Men's widebrimmed straw hat Heritage Surf and Sport

Wide-brimmed hat Brenda Waites Bolling Millinery Boutique

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LIFESTYLE | Summer 2021

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FASHION

Gaucho hat Brenda Waites Bolling Millinery Boutique

Men's bucket hat Heritage Surf and Sport

Women's Billabong Tipton hat Heritage Surf and Sport

Women's O'Neill Piper bucket hat Heritage Surf and Sport Women's Roxy Next Level hats Heritage Surf and Sport

Wide-brimmed fedora Brenda Waites Bolling Millinery Boutique

Men's RVCA Baseball hat Heritage Surf and Sport

Wide-brimmed, two tone summer hat Brenda Waites Bolling Millinery Boutique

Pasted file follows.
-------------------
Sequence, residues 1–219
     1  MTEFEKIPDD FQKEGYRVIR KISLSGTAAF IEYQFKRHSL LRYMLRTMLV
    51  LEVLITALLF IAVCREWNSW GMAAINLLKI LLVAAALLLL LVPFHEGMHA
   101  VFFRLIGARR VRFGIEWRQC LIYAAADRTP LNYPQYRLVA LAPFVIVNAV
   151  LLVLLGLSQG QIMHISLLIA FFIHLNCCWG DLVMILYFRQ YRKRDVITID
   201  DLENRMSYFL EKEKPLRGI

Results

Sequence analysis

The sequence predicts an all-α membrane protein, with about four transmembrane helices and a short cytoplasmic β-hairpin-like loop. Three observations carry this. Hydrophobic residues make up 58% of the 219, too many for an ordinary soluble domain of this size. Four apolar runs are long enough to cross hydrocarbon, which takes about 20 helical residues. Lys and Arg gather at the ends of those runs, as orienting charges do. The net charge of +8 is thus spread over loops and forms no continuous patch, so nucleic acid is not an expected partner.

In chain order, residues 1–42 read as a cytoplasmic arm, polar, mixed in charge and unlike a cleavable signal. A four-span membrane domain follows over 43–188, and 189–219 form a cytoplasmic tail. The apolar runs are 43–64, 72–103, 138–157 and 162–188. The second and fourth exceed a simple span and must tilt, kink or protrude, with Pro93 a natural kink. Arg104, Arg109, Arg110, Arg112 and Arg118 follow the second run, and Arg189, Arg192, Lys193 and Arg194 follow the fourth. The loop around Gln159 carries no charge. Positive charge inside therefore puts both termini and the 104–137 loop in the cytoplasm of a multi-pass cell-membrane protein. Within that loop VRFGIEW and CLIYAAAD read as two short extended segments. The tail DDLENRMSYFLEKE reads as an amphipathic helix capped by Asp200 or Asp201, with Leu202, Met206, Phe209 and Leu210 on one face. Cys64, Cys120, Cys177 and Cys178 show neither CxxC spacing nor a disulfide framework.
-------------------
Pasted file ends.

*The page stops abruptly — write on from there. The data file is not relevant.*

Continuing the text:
“These pieces were so unique, so easy to wear, but still couture,” Waites Bolling says. She won several awards for her macramé designs, some of which have even been displayed in major museums around the country and remain in their permanent collections. In 2009, Brenda pursued her true love and opened Brenda Waites Bolling Millinery and her flagship store at The Plaza Hotel in New York City, which has since relocated to The Redbury Hotel in New York City. “I truly honed the craft of hat making working at hat factories in Philadelphia,” Waites Bolling says. Brenda’s hats are made in millineries in Philadelphia to this day. “Initially, I was designing hats for church ladies that wanted these beautiful, intricate hats. I loved it because it gave me more versatility as a designer,” Waites Bolling says. Now, Brenda’s clientele includes men, women, and children from all over the world. “When I first opened, most of my clients were Europeans that wanted my most extravagant designs for weddings. But, now, hats are so popular here that I have clients from all walks of life,” Waites Bolling says. There’s one thing that all of Brenda’s hat designs have in common, “They’re versatile and easy to wear. Even with my most intricate hats, the design component is removable so that the hats are completely versatile,” Waites Bolling says. You can wear Brenda’s beautiful designs to an event, then continue to wear the hat to the beach to protect yourself from the sun. “Many of my clients were sent to my store by their dermatologist, and they would always remark on my nice skin, which of course, is from always wearing a hat,” Waites Bolling says. Ultimately, hats serve an important purpose, and now is the perfect time to do something for your health and your style. From simple to intricate, there’s a hat to fit every pâte and wardrobe. Worn by both men and women, hats are quickly becoming a universal apparel necessity. “Men are much easier to sell hats to because they are already so used